Samantha Heather Mackey is repelled by her MFA writing cohort—a clique of unbearably twee rich girls who call each other "Bunny," and are often found entangled in a group hug so tight they become one. The feeling appears mutual, until Samantha is invited to attend the Bunnies' fabled "Smut Salon." Samantha is slowly drawn into the Bunnies cloying and sinister world.
Awad does so many things right in Bunny ... Bunny functions perfectly as both a dark academic satire and a creepy horror novel, and Awad threads them both seamlessly—she can make the reader laugh out loud in one paragraph, and cringe with fear in the next ... With the Bunnies, Awad has created some of the most memorable antagonists in recent fiction. The young women are scarily believable contradictions ... They’re also perfect foils for Awad’s satire of the preciousness and navel-gazing that sometimes accompany discourse about creative writing ... Awad has a true gift for satire—Bunny is as mercilessly funny as similarly themed novels by Jane Smiley (Moo) and James Hynes (The Lecturer’s Tale). But it also shines as a horror tale ... It’s a novel that’s difficult to describe but easy to fall in love with ... Awad has proved herself one of the most innovative and original authors out there, and Bunny is a wild, audacious and ultimately unforgettable novel.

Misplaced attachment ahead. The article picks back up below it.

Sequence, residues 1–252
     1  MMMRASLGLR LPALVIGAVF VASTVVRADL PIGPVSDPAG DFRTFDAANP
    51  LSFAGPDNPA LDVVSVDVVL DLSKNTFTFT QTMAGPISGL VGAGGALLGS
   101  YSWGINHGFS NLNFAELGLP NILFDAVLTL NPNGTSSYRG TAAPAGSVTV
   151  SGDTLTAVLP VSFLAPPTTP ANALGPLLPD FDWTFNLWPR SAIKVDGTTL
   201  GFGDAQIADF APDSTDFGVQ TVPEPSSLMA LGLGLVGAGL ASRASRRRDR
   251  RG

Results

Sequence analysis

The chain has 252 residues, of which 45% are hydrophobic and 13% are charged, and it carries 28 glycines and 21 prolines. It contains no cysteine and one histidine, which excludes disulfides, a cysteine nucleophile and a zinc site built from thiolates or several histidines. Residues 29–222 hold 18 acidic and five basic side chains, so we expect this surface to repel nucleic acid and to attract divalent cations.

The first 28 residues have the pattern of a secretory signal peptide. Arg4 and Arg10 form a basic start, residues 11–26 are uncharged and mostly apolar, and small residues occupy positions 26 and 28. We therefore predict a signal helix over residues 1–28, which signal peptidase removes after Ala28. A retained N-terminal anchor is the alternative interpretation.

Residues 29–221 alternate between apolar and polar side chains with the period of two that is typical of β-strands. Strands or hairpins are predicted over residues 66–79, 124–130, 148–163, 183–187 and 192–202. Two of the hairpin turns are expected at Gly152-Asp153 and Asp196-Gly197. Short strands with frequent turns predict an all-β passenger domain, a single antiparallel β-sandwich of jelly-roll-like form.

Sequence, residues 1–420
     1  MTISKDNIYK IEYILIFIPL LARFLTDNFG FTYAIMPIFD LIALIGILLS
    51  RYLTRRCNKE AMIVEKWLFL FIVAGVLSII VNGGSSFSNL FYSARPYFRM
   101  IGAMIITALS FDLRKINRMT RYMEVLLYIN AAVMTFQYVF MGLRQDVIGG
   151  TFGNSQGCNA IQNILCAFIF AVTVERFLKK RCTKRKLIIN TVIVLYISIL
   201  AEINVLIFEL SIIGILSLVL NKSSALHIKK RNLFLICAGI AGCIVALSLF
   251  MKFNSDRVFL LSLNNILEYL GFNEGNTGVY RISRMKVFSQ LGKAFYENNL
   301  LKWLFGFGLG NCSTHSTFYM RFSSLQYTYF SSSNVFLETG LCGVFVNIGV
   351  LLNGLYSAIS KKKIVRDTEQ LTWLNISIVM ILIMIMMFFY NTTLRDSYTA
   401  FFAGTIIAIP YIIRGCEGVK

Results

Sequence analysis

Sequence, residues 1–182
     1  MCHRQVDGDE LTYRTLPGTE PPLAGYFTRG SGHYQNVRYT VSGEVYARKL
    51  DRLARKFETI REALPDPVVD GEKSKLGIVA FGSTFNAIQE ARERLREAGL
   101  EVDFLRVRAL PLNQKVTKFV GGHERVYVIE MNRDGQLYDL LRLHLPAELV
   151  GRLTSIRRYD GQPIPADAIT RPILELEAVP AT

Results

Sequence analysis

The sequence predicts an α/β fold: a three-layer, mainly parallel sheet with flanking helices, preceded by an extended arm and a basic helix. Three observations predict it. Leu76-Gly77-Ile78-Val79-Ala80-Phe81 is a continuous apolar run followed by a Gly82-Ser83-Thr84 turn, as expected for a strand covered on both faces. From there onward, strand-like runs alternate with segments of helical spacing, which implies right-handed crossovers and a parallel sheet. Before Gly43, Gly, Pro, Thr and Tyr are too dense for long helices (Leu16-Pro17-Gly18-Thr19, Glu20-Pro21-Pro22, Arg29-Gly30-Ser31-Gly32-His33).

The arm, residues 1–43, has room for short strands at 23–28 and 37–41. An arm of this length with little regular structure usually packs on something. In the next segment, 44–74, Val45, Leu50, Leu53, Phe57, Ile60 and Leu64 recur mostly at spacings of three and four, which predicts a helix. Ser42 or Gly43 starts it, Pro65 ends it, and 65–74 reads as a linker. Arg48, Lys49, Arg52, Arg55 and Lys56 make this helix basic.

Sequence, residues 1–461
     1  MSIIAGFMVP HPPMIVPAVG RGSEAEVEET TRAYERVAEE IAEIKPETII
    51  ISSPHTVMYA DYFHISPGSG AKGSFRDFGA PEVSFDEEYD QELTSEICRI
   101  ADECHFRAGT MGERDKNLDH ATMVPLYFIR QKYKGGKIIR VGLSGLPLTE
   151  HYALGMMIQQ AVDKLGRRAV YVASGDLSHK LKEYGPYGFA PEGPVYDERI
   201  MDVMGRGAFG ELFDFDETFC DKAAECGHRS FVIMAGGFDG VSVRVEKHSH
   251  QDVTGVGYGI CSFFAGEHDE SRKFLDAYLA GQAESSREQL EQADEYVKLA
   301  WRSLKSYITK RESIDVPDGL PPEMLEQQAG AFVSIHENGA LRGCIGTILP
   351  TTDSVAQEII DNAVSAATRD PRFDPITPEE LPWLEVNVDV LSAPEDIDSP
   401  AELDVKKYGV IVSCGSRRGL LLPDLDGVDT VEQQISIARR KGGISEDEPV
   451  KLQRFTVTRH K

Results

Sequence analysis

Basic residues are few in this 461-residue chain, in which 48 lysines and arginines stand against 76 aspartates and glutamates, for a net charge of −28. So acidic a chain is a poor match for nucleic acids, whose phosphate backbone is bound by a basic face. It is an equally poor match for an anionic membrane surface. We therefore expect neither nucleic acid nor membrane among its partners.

... a work of toothsome and fanged intelligence ... Awad has winkingly deployed the great ruse of the supernatural ... Though Awad plays knowingly with the tropes of eighties movies (the book’s hot-pink jacket copy mentions the cult classic Heathers; like Winona Ryder in that movie, Samantha has an air of quiet mutiny), we recognize these Bunnies as the apotheosis of that most contemporary archetype, the basic bitch ... In true Frankensteinien fashion, the proof of the author’s brilliance is her character’s apparent autonomy.
The Bunnies go through a lot of Drafts. There is a lot of blood. Their ritual is an engaging metaphor for the emotional investment artists place in their work and the brazen disregard of an artist working with blinders on. Awad expertly balances the horror of the ritual with her acerbic humor ... The novel quickly ascends to a Heathers level of camp without losing its grip on emotional reality ...the struggle, shame, and frustration of making art rings true ... In many ways, Bunny is a book made for English majors, rife with literary references and fairytale homages, but Awad strikes a careful balance: those who pick up her references will appreciate them, and those who don’t won’t miss out on the story. Furthermore, Awad’s prose is compulsively readable, and Samantha’s voice sticks in one’s head ... With this book, no axe or spell is needed: whatever ritual Awad did, Bunny came out just right.